by Raleigh, Sir Walter
...only hate:
And if they once reply,
Then give them all the lie.

Tell them that brave it most,
They beg for more by spending,
Who, in their greatest cost,
Seek nothing but commending.
And if they make reply,
Then give them all the lie.

Tell zeal it wants devotion;
Tell love it is but lust;
Tell time it is but motion;
Tell flesh it is but dust:
And wish them not reply,
For thou must give the lie.

Tell age it daily wasteth;
Tell honour how it alters;
Tell beau...Read More

by Gibran, Kahlil
...abundantly, until the sequence of the wine began to play its part. At dawn the throng dispersed boisterously, after spending a long night of intoxication and gluttony which hurried their worn bodies into their deep beds with unnatural sleep. 

Part Two

At eventide, a man attired in the dress of heavy work stood before the door of his small house and knocked at the door. As it opened, he entered and greeted the occupants in a cheerful manner, and then sat betwe...Read More

by Crashaw, Richard
...HAIL, sister springs,
Parents of silver-footed rills!
 Ever bubbling things,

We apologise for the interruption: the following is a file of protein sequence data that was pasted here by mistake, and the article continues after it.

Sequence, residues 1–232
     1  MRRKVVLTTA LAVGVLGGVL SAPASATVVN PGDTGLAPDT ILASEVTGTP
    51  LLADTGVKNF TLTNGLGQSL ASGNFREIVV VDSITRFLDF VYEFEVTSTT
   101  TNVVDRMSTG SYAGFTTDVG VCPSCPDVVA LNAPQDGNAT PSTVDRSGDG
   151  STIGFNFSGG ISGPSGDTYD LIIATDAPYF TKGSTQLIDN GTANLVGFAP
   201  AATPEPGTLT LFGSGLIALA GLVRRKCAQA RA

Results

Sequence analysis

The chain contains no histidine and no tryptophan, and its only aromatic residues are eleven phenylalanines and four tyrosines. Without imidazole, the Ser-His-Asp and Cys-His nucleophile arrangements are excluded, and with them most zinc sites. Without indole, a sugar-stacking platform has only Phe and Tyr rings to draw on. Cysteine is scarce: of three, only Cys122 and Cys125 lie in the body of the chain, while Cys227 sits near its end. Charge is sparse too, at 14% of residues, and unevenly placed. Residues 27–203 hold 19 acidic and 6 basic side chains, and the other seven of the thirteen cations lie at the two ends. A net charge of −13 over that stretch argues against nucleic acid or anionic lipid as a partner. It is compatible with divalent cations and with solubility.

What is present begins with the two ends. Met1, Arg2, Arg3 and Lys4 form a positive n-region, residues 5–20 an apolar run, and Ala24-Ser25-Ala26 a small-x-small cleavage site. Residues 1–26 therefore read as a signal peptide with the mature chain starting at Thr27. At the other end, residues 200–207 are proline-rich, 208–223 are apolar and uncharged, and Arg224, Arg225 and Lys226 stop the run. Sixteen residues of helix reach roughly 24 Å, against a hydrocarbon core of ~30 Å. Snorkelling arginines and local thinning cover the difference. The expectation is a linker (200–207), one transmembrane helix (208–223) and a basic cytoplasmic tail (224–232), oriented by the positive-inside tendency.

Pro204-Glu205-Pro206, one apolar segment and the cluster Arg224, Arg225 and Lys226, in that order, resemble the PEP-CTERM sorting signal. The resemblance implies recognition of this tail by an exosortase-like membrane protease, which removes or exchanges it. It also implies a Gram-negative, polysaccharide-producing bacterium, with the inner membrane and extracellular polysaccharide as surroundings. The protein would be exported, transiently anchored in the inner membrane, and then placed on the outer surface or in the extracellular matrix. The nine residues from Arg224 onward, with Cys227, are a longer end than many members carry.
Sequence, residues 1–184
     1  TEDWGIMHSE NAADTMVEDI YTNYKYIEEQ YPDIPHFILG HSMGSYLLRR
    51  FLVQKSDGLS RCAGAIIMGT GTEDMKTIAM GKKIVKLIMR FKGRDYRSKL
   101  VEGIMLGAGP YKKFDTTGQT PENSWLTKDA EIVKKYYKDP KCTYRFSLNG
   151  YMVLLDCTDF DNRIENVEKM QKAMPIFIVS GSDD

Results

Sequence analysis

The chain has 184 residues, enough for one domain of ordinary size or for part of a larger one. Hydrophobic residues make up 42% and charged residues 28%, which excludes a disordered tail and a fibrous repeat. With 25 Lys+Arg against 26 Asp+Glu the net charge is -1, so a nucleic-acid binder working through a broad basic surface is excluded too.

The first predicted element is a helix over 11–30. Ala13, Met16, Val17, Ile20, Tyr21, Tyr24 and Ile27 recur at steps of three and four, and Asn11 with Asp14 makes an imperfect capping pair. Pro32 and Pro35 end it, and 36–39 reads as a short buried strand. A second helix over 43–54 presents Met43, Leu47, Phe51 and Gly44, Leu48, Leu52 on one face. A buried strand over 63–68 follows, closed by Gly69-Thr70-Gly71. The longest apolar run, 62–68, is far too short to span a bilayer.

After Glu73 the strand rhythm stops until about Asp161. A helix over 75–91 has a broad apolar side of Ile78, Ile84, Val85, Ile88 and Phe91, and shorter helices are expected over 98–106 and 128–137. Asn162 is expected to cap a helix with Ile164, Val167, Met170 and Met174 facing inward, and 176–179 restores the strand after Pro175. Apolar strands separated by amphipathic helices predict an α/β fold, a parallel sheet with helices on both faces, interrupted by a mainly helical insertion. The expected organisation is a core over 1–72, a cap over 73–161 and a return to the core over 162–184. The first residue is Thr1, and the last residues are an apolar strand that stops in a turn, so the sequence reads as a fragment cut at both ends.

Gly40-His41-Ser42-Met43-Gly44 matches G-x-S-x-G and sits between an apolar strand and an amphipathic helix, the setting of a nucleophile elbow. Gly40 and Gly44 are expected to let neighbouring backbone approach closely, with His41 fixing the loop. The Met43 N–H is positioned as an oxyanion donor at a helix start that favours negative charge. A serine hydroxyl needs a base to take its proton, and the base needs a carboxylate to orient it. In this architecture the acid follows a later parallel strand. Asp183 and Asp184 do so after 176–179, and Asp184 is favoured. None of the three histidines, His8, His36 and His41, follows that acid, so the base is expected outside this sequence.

Thawing crystal, snowy hills!
 Still spending, never spent; I mean
 Thy fair eyes, sweet Magdalene.

 Heavens thy fair eyes be;
Heavens of ever-falling stars;
 'Tis seed-time still with thee,
And stars thou sow'st whose harvest dares
 Promise the earth to countershine
 Whatever makes Heaven's forehead fine.

 Every morn from hence
A brisk cherub something sips
 Whose soft influence
Adds...Read More

by Hesse, Hermann
...ring along, with a gun in your fist,
Smiling, whispering, to your exhausted horse.
Maybe--I keep imagining--you are spending the night
As a guest in a strange castle with a park
And writing a letter by candlelight, and tapping
On the piano keys by the window,
Groping for a sound...

--And maybe
You are already silent, already dead, and the day
Will shine no longer into your beloved
Serious eyes, and your beloved brown hand hangs wilted,
And your white forehead...Read More

by Gregory, Rg